We often hear the term, “Creative License,” and take it to mean that we can alter something someone else brought into existence or alter the know precepts or prevailing thoughts on something else that already exists. Neither is the type of creative license I’m exploring.
I’m exploring the nebulous feeling a writer gets when writing and something sudden and unexpected happens that requires the author to do something other than what s/he thought s/he would be doing. A character takes over, some unexpected event occurs that changes perception, goals, motivations–that changes everything.
And the writer freezes. Does s/he follow that path or the one intended?
I’ve run into this situation so often that I came up with a solution that works for me: The Hundred Page Rule. I follow the new path for a hundred pages. If it works, I keep it. If not, I toss it out and start over where I made the shift.
I hear some of you screaming about this, but there is a solid rationale for trudge through the mud on this new path to see what’s there. To grasp it, just open your mind and look at the process.
We get an idea. We think of it, then think on it. It feeds from our conscious mind down into our subconscious. Now we know that the subconscious takes everything literally, that it stores info in images, and it never forgets anything. So we get busy with other things, writing and non-writing related, and all the while our conscious minds are otherwise occupied, our subconscious mind is percolating on this idea. It’s chewing through all we’ve fed into it, slotting and ordering every detail–without exception. Every detail.
And so we sit down to write, and we come to this twist or turn on the path we hadn’t consciously anticipated. But here’s the question: Is this twist unanticipated by our subconscious?
That’s a question we should ask and often don’t.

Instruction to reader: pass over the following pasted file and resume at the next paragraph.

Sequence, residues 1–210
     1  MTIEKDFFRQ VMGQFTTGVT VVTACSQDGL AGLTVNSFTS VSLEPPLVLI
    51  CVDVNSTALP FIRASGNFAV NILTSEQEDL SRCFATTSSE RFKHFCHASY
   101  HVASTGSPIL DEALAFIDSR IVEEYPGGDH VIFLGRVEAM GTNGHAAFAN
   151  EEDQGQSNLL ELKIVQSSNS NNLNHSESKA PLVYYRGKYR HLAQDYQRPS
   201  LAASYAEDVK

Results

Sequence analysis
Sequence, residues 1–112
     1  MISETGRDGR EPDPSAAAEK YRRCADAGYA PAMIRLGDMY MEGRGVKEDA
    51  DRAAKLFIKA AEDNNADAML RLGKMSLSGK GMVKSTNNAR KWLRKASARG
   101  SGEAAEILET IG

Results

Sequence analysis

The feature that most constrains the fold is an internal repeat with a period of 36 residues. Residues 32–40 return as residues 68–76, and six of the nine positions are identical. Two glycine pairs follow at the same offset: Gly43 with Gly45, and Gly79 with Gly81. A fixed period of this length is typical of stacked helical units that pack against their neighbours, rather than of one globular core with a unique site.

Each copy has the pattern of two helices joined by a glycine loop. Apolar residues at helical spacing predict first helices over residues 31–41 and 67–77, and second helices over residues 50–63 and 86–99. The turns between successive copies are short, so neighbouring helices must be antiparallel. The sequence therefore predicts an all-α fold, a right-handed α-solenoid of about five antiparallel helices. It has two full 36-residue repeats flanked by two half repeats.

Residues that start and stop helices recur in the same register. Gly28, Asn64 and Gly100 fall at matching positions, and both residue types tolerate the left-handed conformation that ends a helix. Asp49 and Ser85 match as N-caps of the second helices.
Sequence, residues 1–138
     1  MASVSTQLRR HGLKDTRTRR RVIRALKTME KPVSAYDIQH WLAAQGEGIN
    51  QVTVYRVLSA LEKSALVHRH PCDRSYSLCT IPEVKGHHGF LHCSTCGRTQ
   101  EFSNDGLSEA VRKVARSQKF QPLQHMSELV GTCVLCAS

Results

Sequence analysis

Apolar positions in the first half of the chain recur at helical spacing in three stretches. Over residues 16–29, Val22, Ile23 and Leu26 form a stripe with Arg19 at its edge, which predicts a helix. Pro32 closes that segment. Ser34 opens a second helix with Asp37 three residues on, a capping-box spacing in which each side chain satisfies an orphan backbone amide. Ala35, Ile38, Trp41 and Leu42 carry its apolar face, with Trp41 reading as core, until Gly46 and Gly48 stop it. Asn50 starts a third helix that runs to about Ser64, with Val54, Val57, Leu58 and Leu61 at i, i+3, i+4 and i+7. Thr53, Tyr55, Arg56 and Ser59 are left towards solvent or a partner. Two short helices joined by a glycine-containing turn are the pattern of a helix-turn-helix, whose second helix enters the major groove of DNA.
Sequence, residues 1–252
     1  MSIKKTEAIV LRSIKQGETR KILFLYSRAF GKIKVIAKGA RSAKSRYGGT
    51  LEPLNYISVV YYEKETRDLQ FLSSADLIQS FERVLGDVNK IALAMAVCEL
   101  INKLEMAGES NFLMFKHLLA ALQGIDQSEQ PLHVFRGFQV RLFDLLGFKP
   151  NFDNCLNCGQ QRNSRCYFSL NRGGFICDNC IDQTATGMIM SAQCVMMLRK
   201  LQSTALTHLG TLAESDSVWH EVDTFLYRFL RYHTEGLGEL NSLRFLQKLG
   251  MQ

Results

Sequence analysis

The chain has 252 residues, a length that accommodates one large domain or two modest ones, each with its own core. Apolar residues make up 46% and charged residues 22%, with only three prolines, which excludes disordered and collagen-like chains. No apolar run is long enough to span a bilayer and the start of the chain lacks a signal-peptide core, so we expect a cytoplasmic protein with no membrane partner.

When we follow, most often we discover that while we were busy elsewhere, our subconscious had slotted and ordered all we’d fed into it and spotted holes that need plugs, irregularities that need regulating, conflicts that need resolving, and challenges that need resolutions for the whole of the project to be viable, logical, and credible.
And so the subconscious fixed those things, and that’s why we came to the fork in the road and felt the urge to take a new path.
Some consider this a kick of creativity. The double-edge sword. Because for the subconscious to accurately work out these quirks, you have to consciously feed in the whole of the project. If you do, you get good results when following that hundred page rule. If you don’t, you might not like where you end up. Or in writing those hundred pages, you might add in elements that are additional subconscious food that alters the creative path yet again.
This is where art and creativity merge, and the author must discern which is the wiser. To do that with the least amount of inner conflict (in the writer, not the characters), the author must give him or herself a creative license to explore and experiment. Yes, even a license to fail.
There’s an old saying that he who does not dare much does not gain much. So dare.
You have a creative license to do so–and it’s issued by art and creativity!
Writing Craft and Life Blog: MY KITCHEN TABLE: 1 Writer, 1 Life
Writing Art and Creativity Blog: Vicki Hinze on Writing
Inspirational Blog: FAITH ZONE: A Simple Woman’s Spiritual Journey